Dig your little toesies into the arid soil of Ethiopia, the birthplace of the coffee bean - or at least the location of caffeine's discovery. Dean will walk you through the experience of getting clean, potable water to a region with a serious water paucity. Feel happy and inspired. Now head south to Kenya and get ready to rip the bureaucratic heads off those swindling the coffee farmers out of their money. And so this storyline oscillates from empowering and inspiring accomplishment to unfortunate setback and struggle.

Dean Cycon's Javatrekker

Dean Cycon's Javatrekker

Javatrekker: Dispatches From the World of Fair Trade Coffee

Take a big flying leap over to South America where Dean witnesses incredible feats of guerilla engineering, connects with ailing nature's call, and swallows crippling fear and pain to help a region whose political struggle beheld the demise of his friends. His essays indicate the world's vast array of problems all affect the already difficult task of growing beans: global warming, natural disaster, political uproar, world market prices, foreign aid, and more. It all reminded me of the butterfly effect.

Green Coffee

Green Coffee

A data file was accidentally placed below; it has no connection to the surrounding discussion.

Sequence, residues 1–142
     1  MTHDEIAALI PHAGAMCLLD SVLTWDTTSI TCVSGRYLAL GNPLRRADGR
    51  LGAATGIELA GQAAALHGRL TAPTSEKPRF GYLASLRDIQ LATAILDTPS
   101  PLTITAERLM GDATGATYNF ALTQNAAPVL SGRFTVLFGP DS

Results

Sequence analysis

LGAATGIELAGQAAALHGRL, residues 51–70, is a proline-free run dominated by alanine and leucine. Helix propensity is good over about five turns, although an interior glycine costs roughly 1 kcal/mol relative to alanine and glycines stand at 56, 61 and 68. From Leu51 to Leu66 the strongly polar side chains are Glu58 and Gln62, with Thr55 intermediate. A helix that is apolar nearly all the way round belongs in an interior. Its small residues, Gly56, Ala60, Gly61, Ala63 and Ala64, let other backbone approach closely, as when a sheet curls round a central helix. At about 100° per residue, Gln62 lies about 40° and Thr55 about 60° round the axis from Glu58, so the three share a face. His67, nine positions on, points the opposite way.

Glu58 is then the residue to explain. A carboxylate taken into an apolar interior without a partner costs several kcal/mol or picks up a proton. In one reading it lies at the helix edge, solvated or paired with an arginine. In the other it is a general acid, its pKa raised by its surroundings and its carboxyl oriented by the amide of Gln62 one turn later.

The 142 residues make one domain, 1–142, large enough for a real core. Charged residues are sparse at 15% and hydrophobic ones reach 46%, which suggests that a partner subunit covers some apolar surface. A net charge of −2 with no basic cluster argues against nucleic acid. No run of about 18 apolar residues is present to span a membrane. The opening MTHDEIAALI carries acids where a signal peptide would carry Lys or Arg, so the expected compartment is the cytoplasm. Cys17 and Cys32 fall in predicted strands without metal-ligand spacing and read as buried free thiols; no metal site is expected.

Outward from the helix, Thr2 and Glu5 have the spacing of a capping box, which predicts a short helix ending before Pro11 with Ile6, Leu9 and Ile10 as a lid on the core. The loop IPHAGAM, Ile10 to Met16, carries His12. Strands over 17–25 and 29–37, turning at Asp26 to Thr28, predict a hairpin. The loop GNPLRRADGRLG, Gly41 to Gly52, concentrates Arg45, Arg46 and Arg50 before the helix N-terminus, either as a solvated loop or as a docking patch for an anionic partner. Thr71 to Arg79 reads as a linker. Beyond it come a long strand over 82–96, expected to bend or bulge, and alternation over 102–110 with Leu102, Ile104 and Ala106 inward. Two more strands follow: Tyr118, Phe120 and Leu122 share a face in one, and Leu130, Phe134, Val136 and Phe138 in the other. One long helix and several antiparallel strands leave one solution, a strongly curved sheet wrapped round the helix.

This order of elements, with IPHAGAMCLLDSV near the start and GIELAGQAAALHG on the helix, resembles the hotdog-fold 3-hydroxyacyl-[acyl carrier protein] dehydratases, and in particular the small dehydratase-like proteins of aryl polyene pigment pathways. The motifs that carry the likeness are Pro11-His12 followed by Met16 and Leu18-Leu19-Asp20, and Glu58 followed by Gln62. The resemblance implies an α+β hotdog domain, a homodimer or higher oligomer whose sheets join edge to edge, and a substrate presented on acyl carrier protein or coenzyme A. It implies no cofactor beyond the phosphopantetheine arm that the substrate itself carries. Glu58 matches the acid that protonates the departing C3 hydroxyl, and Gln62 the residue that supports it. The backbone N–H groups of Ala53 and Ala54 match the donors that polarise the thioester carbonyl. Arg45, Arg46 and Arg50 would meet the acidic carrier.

Dean's trips aren't just about agriculture. Officially observing democratic elections and visiting victims of amputation via train wheels are his errands. Tying his product directly to the effects his industry can exacerbate not only reveals a pivotal awareness of the realities related to coffee but those of all products with middlemen and foggy ground between their origin and destiny.

Island-nations of Asia and the South Pacific host Dean's experiences, in locales seldom seen by the likes of any foreign eyes. Regions ripped to shreds by civil war and political corruption work with him to help their caffeinated cash crop industry. Bringing simple machines to villages that lost out on money for lack of regulation and timely output, Dean appears like a savior to these co-ops in need. However, he's always first to mention his own miscalculations and wrongdoings alongside those of his fellow man.